I own an original model Ipad and use it daily. Today, Apple announced Ipad 2. Here are my thoughts on it and whether it is enough for me to upgrade:

Pluses:

-Ipad 2 is thinner and a little lighter than the original, while retaining the same general width x height and screen size of the original. The slight reduction in weight will be nice for those who use it as an book reader, as arm fatigue was a definite factor with the original.

-Ipad 2 has dual cameras. I’ve never seen video conferencing as much of a killer app, but I know some people that were really dieing for this with the Ipad 1.

-Ipad 2 has a new, faster dual core processor with what is being described as “9x” faster graphics. I am all for increased performance, but it is up in the air whether many app makers will write applications that make use of the faster subsystems for risk of alienating the large Ipad 1 user base.

-Magnetic screen cover system is a big plus in my view, as it lets you protect the Ipad’s screen when putting it in a bag or (in my case) large pocket, while adding little to the dimensions of the unit. Most cases for the Ipad 1 greatly increased the unit’s apparent bulk.

-3G models available for Verizon and not just AT&T.

-Has some extra motion sensing capability (3 axis gyro) compared to Ipad 1, which should be nice for gaming.

-One of the big pluses in my view is the new HDMI video output adapter, which works for ALL applications. This is a big change from Ipad 1 where applications had to be specially coded AND approved for TV output use. Think Hulu+, games, etc.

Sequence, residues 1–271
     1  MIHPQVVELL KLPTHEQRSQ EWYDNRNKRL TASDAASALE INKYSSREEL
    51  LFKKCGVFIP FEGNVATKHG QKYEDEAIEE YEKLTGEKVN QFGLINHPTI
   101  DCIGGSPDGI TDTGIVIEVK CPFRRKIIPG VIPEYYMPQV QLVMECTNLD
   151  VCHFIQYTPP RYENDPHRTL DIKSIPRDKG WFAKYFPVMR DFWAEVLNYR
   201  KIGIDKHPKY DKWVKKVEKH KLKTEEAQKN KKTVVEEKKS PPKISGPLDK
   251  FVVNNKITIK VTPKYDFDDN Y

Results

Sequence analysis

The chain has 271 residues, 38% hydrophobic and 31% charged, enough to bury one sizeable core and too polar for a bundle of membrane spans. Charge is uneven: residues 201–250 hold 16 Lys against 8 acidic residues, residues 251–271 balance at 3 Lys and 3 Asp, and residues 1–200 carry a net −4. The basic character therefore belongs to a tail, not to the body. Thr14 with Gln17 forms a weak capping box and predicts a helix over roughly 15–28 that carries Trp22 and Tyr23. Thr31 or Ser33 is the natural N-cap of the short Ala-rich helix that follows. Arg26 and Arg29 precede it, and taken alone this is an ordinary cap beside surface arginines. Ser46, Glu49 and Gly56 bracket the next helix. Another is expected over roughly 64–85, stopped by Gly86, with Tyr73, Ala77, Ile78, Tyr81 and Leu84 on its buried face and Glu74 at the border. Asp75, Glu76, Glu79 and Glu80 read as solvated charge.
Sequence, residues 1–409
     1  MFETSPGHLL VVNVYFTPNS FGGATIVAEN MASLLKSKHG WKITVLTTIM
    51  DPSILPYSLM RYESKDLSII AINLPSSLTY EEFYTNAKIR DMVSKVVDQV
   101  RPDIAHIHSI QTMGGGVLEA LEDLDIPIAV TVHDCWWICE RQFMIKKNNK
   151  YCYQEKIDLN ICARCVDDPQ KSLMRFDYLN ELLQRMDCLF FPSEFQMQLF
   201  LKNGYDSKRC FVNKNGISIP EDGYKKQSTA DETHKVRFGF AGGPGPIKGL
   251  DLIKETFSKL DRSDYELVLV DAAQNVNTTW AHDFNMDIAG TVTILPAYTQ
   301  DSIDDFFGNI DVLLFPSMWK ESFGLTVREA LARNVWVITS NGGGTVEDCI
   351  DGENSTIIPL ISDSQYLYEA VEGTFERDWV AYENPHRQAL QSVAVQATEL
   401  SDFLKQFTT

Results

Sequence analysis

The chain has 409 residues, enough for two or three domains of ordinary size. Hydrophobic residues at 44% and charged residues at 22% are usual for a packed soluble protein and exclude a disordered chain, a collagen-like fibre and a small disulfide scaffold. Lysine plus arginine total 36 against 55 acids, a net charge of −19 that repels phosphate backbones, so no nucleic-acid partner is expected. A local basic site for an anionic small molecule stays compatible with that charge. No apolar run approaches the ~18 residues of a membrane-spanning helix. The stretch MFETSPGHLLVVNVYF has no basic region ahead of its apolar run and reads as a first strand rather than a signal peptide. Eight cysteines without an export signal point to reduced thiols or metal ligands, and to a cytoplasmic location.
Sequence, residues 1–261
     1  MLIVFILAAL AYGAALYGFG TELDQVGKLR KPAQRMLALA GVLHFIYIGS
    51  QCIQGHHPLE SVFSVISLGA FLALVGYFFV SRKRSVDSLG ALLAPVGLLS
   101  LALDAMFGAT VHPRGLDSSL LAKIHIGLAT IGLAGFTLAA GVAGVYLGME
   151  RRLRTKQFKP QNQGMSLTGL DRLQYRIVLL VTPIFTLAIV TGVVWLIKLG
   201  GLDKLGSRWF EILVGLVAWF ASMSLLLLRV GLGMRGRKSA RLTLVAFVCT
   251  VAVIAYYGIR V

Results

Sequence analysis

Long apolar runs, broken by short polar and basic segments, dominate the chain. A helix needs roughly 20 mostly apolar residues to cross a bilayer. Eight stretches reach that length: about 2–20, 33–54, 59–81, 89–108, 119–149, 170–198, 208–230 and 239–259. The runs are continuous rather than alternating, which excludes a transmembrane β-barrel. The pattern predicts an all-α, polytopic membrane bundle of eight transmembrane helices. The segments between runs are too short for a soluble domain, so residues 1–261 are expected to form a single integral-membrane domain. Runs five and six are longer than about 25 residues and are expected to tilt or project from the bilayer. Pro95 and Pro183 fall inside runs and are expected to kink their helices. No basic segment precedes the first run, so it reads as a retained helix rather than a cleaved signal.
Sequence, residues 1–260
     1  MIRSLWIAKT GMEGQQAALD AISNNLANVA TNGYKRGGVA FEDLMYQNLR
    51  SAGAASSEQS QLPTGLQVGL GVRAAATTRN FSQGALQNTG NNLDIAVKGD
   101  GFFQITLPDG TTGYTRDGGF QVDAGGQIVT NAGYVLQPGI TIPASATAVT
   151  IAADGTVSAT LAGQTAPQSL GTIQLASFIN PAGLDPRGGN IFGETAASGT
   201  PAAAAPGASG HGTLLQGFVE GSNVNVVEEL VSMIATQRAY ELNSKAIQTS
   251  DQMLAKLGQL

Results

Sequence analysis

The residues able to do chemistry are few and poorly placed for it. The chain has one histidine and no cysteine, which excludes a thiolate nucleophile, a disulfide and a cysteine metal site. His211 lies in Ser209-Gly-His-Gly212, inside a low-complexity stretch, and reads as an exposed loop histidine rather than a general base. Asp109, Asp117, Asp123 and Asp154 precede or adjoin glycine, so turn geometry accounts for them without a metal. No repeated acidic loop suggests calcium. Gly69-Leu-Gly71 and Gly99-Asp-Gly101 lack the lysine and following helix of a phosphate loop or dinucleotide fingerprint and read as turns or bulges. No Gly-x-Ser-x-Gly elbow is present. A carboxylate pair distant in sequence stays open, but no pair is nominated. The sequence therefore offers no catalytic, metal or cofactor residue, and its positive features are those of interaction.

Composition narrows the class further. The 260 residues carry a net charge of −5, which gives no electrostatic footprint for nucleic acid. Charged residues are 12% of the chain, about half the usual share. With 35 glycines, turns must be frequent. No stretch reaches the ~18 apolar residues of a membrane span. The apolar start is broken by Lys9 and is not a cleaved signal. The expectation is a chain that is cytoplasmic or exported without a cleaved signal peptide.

-Pricing is being kept competitive or slightly lower than similar Android devices

Negatives:

-No built in SD slot for downloading photos. This should have been do-able even with the thinner bezel of Ipad 2. The lack of a SD slot was a consistent minus cited by many Ipad 1 users/reviewers. I hate that Apple tries to make their devices aesthetically clutter free at the expense of needing to buy and carry a lot of easily lost adapters & dongles.

-No USB port. Nuff said. Wasn’t a big issue with me, but I know a lot of people wanted it.

-The Ipad 2 apparently still has only 256 MB of ram. I’ve bumped up against this consistently in my everyday use of the Ipad 1, which has the same amount, especially when doing tabbed browsing.

-Still requires an external power brick for charging versus being able to charge via USB on most computers, even if it takes significantly longer.

-Still no syncing over WiFi.

Externalities:

-Apple is beginning to enforce much harsher terms on 3rd parties wishing to supply content to Ipad users. They are essentially requiring any content being provided to users to also be available for purchase through their own content stores at the same price, so that they can get a (sizeable) cut of the pie. This will apparently apply even when the purchase is made “off site” and not as an in-app purchase. This will effectively make it impossible / not cost effective for competitors like Kindle, Nook and Sony to offer eBooks to Ipad users and will likely broadly apply to other types of content as well. I find this move to be incredibly anti-competitive and is a HUGE minus for me. One of the things which has made Ipad such a compelling part of my daily life is its ability to consume media from a variety of sources, whether that is news, books, music, podcasts or video. By constraining my choices to what Apple itself offers, they have greatly limited the appeal of the whole platform to me. If it wasn’t for this single thing, I would probably buy an Ipad 2. As is, if these changes take effect, I may sell my existing Ipad 1 in favor of an Android alternative.

Posted in General, iOS, Rants and Raves, Tech Stuff | No Comments »